Today, one Confederate flag comes down. Here’s one reason that matters.
[Here are some of my Southern credentials, in case you care: one ancestor was a City Engineer in Columbia a generation after the Civil War, who partnered with one of the architects of the South Carolina Statehouse over which that flag has flown for fifty years. Both of my parents grew up in small Southern towns, themselves raised by parents who grew up in the South, and so on back through the generations on both sides. Several generations of LaMottes were born, lived, and died in Columbia. There are many things about the South that I love and I live here now, although some say Asheville doesn’t count.]
The flag is part of a legacy in multiple ways. One legacy is what I’m calling the “It doesn’t matter . . .” legacy.
During slavery, white Americans said, “We have a right to own slaves and to be free of federal interference, and it doesn’t matter what effect being sold as property, being abused like beasts, being dehumanized has on African Americans. Black pain doesn’t matter. It doesn’t matter what people of conviction elsewhere, or even other Southerners, think about it. It doesn’t matter whether it tears the country apart.” The law and the authorities endorsed this position.
During Reconstruction and Jim Crow, white Americans said, “We have a right to protect our way of life and protect ourselves, and it doesn’t matter what effects the KKK, the terrorism of lynching, and convict leasing systems have on African Americans.” Black pain doesn’t matter. It doesn’t matter what people of conviction elsewhere or in the South think about it. And the law and the authorities endorsed this position.
During the Civil Rights Era, white Southerners said, “We have a right to live in the nicer neighborhoods by ourselves, go to the better schools by ourselves, patronize restaurants and motels by ourselves, and it doesn’t matter how African-Americans are held down and humiliated. Black pain just doesn’t matter. It doesn’t matter how others see this.” And the law and authorities endorsed this position.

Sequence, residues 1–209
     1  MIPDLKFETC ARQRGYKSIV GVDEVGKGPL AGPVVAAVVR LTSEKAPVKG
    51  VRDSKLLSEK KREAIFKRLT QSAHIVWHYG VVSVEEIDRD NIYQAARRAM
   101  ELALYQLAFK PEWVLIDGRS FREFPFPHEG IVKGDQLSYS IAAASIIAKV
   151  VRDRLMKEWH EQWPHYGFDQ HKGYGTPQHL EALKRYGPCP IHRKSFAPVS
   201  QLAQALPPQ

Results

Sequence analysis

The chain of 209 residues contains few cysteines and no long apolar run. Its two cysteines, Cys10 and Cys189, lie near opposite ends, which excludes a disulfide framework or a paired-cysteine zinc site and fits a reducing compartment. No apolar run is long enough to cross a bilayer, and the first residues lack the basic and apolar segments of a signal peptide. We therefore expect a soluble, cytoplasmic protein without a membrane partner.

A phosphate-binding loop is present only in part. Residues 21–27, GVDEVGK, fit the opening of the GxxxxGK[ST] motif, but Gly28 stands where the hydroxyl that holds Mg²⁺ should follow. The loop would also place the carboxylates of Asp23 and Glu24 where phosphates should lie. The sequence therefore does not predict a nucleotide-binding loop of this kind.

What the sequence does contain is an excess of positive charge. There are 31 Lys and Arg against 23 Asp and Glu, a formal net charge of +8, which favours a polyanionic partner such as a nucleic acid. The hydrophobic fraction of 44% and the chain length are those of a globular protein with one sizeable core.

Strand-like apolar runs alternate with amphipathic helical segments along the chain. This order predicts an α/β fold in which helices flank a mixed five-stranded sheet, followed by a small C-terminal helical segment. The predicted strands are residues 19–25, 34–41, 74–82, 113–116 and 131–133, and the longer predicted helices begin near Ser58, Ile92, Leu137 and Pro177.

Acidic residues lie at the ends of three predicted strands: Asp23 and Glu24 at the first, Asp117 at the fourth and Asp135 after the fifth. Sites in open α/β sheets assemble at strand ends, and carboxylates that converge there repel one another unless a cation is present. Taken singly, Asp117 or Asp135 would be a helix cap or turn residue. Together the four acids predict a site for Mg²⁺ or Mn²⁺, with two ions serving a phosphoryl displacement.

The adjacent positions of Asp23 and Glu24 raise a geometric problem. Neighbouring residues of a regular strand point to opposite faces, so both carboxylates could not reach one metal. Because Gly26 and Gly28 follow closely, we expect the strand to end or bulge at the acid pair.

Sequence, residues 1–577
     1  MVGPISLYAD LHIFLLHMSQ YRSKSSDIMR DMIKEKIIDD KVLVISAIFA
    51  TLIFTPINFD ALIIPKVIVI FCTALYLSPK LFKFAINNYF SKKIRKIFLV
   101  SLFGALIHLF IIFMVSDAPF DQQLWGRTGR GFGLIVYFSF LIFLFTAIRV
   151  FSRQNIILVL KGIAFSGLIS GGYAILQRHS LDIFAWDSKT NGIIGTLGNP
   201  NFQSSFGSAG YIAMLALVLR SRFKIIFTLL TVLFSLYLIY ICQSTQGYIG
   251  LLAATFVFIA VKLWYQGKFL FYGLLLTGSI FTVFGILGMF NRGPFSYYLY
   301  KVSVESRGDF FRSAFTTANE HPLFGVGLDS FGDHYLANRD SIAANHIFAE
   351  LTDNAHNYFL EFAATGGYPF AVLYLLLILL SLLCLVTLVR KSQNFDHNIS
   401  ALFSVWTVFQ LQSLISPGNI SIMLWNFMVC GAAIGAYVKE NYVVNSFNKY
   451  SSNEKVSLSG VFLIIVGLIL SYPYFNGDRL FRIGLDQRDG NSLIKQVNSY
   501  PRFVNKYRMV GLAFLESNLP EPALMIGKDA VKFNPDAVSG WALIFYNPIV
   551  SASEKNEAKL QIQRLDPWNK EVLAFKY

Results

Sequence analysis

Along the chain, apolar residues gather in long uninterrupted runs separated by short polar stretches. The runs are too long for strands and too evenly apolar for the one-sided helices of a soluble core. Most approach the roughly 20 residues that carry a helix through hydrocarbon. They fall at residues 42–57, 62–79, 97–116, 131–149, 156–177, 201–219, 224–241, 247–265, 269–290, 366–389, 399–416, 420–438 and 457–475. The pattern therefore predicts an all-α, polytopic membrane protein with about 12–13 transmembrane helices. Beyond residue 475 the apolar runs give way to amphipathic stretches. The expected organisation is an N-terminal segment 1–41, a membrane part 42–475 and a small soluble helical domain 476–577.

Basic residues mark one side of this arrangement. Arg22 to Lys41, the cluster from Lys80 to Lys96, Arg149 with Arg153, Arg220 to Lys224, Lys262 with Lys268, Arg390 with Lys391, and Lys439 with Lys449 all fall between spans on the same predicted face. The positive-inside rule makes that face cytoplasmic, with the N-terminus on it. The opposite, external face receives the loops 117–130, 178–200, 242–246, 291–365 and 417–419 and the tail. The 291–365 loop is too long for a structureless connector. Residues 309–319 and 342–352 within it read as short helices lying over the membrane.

In these days, and not just in the South, we have racist drug policies, and are over-incarcerating young black men. In our names, law enforcement officers are militarizing and over-using force in neighborhoods of color. The killer of a white person is many times more likely to get the death penalty than one who kills a black person. And white voices are saying, “Our streets and our officers must be safe at any cost, and it doesn’t matter how this affects African Americans.” Black pain just doesn’t matter. And the law and the authorities endorse this position.
This week, many white Southerners are saying, “The Confederate flag stands for heritage, not hate.” OK, maybe it’s not hate on your part, but it is part of this continuing legacy of indifference to the pain of African Americans. It’s still, “We have a right, and black pain doesn’t matter.” It is, “We have a right to define the flag’s meaning, and it doesn’t matter that what it means to African Americans is that they stand in a legacy of pain and injustice that continues to this day, and that it is not some few racists but the government itself that proudly flies it. It doesn’t matter that the rest of the world sees it this way, as well. Our rights and perspectives are the only ones that matter.”
Today, that flag comes down, despite vocal resistance by some white Southerners. No, it doesn’t solve everything, and that flag will continue to fly high from personal vehicles and yards (free speech). But from now on, the government itself won’t fly it. At least this week, the law and the authorities in a southern state acknowledged black pain and did the right thing – on their own, without a federal act or Supreme Court interference – and that matters a great deal.